Firm test for Celtic revolution

David Dick assesses the reawakening of a Scottish giant
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The Independent Online
OLD FIRM derbies are hardly placid affairs at the best of times. And when the stakes are high, passion can all to easily be translated into unpardonable ferocity.

Five years ago today, Rangers lost Mark Hateley, Terry Hurlock and Mark Walters to the red card in a Scottish Cup quarter-final while Celtic's Peter Grant went the same way. This St Patrick's afternoon, they face each other again in the most fervently anticipated Premier Division match for years and with Celtic within striking distance of the old enemy, the referee could again be busy.

Celtic trail Rangers by three points and 13 goals with eight games remaining. Such competitiveness is a novelty in Scotland, where Rangers are hoping for their eighth successive championship, drawing ever closer to Celtic's record of nine successive titles in the Sixties and Seventies. As for Celtic, since winning the Double in 1988 their highest League finish has been third, while last year's Scottish Cup was their first trophy of the decade.

This season they have returned to Parkhead after an unhappy stay at Hampden Park. Their immense "new" stadium is still only half finished but the club is in the midst of a long-awaited revival.

Tommy Burns's initial season as manager was littered with unconvincing draws as new players bedded themselves in, but even so they scraped their way to a cup victory, and Burns the scholar set about rebuilding his side.

He visited Barcelona, Juventus and Ajax, quizzing their managers and studying their training methods before asking over the Ajax coach Heine Otto to work with the youth team.

The results have been admired by many, not least his former team-mate Charlie Nicholas, last year a player in his side. "Tommy's changed the system," he said. "Last season was about work-rate, but now they are passing and moving in a more traditional Celtic style.

"Managers live and die by their signings and he has brought in some wonderful players. For me, the shrewdest buys will prove to be the full-backs, Tosh McKinlay and Jackie McNamara." For the outrageously small sums of pounds 350,000 and pounds 650,000 respectively, Burns has acquired a full international and, in McNamara, an Under-21 international tipped for greatness by all who see him.

"If Celtic are to win then these two really have to play," Nicholas continued. "In the modern game full-backs have more time on the ball than anyone else and Celtic will depend on them making their overlapping runs and providing the service for Pierre van Hooijdonk and Andreas Thom."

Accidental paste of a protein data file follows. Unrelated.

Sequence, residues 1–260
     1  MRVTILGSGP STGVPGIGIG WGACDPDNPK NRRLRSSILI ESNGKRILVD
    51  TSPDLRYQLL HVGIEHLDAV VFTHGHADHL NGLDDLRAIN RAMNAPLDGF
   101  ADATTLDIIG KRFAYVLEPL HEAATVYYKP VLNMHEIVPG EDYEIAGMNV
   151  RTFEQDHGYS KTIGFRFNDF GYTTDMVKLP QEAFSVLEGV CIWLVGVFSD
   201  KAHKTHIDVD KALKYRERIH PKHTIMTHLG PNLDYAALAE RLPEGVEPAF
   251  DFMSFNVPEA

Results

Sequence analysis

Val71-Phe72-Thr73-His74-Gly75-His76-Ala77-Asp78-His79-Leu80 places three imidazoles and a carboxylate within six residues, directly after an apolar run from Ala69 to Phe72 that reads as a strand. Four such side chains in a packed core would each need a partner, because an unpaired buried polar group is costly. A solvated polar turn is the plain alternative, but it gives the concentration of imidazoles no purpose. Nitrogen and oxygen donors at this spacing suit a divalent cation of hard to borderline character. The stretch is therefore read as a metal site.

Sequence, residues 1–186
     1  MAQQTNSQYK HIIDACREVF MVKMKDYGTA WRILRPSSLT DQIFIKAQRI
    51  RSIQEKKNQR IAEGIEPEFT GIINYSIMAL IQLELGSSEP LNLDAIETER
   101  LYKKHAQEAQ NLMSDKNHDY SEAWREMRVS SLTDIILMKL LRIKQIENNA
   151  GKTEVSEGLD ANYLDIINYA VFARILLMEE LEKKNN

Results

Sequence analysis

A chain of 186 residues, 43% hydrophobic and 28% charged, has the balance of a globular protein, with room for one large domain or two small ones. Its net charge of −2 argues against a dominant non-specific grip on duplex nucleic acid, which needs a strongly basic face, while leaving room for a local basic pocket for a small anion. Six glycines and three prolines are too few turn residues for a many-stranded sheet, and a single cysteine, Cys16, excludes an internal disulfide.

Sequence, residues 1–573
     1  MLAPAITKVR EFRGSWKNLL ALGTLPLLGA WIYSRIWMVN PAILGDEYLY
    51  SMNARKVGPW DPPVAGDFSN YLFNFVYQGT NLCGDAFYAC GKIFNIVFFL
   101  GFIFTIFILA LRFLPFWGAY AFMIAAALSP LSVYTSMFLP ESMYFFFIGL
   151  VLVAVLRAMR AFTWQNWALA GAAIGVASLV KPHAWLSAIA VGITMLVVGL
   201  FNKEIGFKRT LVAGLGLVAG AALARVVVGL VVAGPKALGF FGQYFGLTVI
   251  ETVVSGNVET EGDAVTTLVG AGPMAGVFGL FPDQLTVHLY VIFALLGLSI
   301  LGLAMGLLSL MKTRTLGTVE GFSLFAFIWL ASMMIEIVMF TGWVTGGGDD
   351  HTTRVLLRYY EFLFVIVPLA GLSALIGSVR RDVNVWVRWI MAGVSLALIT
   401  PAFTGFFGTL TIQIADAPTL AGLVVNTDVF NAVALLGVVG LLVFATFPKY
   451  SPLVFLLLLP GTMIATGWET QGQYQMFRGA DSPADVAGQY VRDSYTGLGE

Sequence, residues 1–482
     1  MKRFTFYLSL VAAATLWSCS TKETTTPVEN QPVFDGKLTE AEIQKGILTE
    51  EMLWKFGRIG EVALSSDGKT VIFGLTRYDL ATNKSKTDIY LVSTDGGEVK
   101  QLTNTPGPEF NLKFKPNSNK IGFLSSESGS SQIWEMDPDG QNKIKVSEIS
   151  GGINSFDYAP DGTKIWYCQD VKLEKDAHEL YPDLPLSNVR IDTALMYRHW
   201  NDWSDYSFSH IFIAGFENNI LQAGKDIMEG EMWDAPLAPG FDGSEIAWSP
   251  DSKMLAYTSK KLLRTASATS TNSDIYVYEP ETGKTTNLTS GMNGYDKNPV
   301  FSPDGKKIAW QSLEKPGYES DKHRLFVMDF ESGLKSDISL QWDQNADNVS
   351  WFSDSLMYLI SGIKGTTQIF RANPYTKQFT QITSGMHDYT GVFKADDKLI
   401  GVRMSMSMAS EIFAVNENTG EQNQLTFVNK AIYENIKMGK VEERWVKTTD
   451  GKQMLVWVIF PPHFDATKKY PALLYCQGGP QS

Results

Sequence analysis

Celtic are defiance personified, dispelling any doubts cast over them. Many an expert ranted about their need for a goalscorer, prompting Van Hooijdonk to score 17 goals in 19 games.

Falling behind on numerous occasions, they have clawed back incredible victories, a habit that reached its zenith last Sunday when they trailed Dundee United by one goal with two minutes remaining; two minutes later, they were a goal in front.

Nicholas believes it is all down to self-belief. "They go into each game expecting to win, and as their unbeaten run grows so does their confidence," he said.

They have been beaten only twice in domestic competition this season, once in the League and once in the Coca-Cola Cup - but both defeats were at the hands of Rangers. Their other two meetings have been drawn.

Celtic enter the game as the form side as Rangers have stumbled, relying on two penalties, two own goals and two from Paul Gascoigne to win their last three games. The new signings Peter van Vossen and Erik Bo Andersen are still settling and will be ill-prepared for what faces them today.

"The atmosphere is incredible at the best of times but this is an exceptional case," Nicholas said. "They are big-name players and should rise to the occasion, but the game will run at 120 miles per hour. Having time to put your foot on the ball will be a rare pleasure and the pace might prove too much.

"Celtic play the better football and will come to attack, but Rangers will be well prepared and, in Paul Gascoigne and Brian Laudrup, they have probably the two finest talents in the country who can exploit any team on the break. It really is too close to call."

Whatever the scoreline , with Celtic on the field and seconds still left on the clock, you can be sure the game is far from over.

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